To address these challenges, and to develop effective ways of devolving decision-making powers, the report proposes a council of mayors be established in law.

Chaired by the prime minister and comprising all elected mayors across England, the council would meet a fixed number of times a year around the country, with the government required to respond to its proposals within a specified time period.

With this breadth and seniority of membership, the council would provide a forum for discussion of the crucial role that a thriving London economy plays in nationwide prosperity, the report says.

It cites the government’s Levelling Up Advisory Council as an example of a body that operates in a similar way, albeit not on a statutory basis.

The report argues devolution of financial power must go hand in hand with the creation of a new council of mayors. If London government were able to retain more of the proceeds of economic growth, there would be greater incentive to pursue pro-growth policies, it says.

What policymakers should do

In addition to addressing the economic impacts of these changes through further devolution, the report makes a range of policy recommendations – across transport, housing, commercial property, sustainability, migration and skills – that would help safeguard the capital’s future.

Key proposals include:

  • Keeping the graduate visa, and the global talent and high potential visas, so that London is able to welcome the next generation of entrepreneurs and innovators.
  • Allowing local authorities to charge higher fees for all planning applications above a minimum size, raising much-needed revenue to reinvest in reforming the planning system.
  • Encouraging a “five-day city”, through new TfL fares policies, to get more workers back in the centre of the capital.
  • Building new housing in inner London, to help ease shortages and help sustain the central London “high street” economy, as well as reviewing London’s green belt to identify areas that could accommodate well-planned new settlements.
  • Developing an updated industrial strategy for London, in a process led by the mayor in collaboration with the boroughs and the UK government.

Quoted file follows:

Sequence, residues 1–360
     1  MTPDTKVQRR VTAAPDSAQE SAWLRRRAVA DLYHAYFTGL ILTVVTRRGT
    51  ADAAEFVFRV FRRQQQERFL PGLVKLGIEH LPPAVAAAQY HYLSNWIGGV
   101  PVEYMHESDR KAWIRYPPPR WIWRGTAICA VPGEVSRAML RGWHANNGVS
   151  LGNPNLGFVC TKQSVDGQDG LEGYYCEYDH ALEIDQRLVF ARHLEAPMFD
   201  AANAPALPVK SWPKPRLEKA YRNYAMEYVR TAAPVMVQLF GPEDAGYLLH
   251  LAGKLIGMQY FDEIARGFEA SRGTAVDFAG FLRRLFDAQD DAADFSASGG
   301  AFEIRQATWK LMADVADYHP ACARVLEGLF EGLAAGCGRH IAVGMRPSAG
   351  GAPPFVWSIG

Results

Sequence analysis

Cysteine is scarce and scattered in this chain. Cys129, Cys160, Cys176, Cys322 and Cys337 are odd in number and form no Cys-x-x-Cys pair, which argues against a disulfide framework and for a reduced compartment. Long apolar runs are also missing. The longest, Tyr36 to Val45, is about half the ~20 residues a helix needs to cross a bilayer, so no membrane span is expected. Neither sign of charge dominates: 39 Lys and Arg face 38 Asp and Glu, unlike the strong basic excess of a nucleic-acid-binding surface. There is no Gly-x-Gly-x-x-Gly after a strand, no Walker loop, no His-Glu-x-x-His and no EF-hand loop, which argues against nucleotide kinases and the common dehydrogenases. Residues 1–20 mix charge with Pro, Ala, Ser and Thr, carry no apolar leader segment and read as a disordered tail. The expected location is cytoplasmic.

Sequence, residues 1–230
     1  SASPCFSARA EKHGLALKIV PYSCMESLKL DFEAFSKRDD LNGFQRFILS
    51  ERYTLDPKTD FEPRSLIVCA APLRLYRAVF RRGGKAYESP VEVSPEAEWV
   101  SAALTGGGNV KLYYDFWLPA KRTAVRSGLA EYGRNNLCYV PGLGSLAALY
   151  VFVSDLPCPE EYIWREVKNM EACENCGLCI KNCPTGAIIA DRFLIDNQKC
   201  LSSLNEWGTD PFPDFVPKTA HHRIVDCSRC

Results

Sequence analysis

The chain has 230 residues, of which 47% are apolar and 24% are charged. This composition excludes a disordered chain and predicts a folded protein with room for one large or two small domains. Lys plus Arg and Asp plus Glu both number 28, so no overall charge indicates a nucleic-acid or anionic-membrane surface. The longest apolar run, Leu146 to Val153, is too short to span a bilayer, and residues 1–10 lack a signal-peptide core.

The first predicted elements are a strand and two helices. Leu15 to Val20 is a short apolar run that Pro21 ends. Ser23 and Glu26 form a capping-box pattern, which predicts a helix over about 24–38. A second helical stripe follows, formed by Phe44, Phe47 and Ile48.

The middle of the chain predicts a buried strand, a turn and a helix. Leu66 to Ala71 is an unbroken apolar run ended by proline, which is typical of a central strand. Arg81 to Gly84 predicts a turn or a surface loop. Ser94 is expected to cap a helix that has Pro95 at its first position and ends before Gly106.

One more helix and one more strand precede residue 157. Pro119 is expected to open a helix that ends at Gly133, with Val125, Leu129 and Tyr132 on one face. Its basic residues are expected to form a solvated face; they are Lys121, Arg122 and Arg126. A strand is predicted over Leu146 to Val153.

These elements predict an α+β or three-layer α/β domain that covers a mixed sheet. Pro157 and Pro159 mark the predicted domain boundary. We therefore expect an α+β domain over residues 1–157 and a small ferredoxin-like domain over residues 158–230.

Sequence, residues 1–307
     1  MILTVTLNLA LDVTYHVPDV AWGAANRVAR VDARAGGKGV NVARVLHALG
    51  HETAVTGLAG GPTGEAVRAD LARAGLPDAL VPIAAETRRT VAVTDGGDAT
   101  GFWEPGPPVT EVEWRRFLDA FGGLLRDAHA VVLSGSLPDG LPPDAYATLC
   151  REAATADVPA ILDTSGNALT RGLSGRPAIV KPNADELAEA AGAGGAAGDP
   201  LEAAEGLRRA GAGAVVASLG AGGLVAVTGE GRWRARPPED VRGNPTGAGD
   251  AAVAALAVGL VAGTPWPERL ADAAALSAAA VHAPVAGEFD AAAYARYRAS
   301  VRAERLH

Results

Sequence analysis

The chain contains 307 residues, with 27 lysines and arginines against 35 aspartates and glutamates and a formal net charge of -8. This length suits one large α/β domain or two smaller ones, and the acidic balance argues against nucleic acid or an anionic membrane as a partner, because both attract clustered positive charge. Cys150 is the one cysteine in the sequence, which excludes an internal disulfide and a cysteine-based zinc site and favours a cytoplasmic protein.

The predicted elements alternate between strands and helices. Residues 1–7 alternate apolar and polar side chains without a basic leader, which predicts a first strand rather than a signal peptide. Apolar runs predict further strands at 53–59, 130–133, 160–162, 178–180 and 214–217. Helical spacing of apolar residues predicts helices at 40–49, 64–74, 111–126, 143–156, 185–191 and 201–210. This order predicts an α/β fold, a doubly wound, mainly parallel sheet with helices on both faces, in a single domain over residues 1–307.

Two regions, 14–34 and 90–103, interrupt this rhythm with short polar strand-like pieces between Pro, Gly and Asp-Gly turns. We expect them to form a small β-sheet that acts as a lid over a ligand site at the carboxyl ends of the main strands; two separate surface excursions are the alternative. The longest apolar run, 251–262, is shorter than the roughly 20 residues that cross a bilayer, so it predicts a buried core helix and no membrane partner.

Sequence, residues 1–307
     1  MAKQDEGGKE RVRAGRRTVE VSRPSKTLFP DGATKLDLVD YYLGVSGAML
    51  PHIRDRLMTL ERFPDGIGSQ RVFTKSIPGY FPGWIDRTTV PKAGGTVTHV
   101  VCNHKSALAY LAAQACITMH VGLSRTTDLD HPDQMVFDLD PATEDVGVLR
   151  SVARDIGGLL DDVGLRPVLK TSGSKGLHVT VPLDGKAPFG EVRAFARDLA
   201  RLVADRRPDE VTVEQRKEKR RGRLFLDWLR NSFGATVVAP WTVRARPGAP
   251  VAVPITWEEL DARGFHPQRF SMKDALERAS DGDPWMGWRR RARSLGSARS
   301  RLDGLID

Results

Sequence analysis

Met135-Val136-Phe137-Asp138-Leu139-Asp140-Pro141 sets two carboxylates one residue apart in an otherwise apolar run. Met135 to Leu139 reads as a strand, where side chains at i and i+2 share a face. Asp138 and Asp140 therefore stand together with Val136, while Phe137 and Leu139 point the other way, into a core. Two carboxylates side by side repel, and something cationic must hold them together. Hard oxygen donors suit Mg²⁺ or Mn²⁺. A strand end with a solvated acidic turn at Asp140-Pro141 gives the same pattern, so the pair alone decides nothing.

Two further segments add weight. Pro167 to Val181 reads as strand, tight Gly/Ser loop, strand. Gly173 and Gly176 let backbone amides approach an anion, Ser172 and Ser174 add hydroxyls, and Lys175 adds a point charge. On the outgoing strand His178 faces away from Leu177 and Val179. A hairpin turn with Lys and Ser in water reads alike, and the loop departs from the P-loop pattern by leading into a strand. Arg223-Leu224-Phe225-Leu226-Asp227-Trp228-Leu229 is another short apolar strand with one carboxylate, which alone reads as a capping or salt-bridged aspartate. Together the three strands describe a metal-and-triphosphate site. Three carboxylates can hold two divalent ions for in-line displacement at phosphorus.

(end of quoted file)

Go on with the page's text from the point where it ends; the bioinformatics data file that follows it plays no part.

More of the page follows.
• Prioritising investments in sustainable infrastructure, including public transportation, renewable energy, and green buildings, through public-private partnerships, tax incentives, and regulatory measures.

Dr Jack Brown, lecturer in London Studies at King’s College London, said, “London faces severe challenges to its continued success, yet has proven able to deal with these robustly, even if they have taken their toll on our projections for where its economy could end up through to 2030.

“London remains a vital contributor to the UK economy, and its success is the nation’s success. This cannot be taken for granted. To strengthen London’s prospects for the next decade, we need a new settlement for London: a strengthening of devolution in the capital and across England and a set of new policies to back this up in key areas such as housing, transport, migration and planning and property.”

Tony Halmos, visiting professor at the Policy Institute, King’s College London, said, “This research sets out the policies which London needs to sustain and enhance its economic prospects up to 2030 and beyond – but underpinning these reforms is the need for a new council of mayors across England that can work with the government to produce a wide-ranging devolution plan, with real and widened powers for raising finance and greater discretion over how it is spent.”

Nick Carty, chair of the EC BID, added, “I am delighted that we have now been able to support this new report by the Policy Institute. This shows that London’s fundamental economic strength is not in question, but there is more potential, more growth and more opportunity that should be maximised.

“London should never be pitted against other parts of our country. Instead, we should see it as a national asset which, if looked after properly, can deliver for the whole of the UK. For this to happen, it requires a collegial approach and the devolution of greater powers – both in policy and taxation terms – to London and other English cities. The report makes a compelling case for a range of policy changes which could then be implemented by the mayor and would contribute to London’s future success.”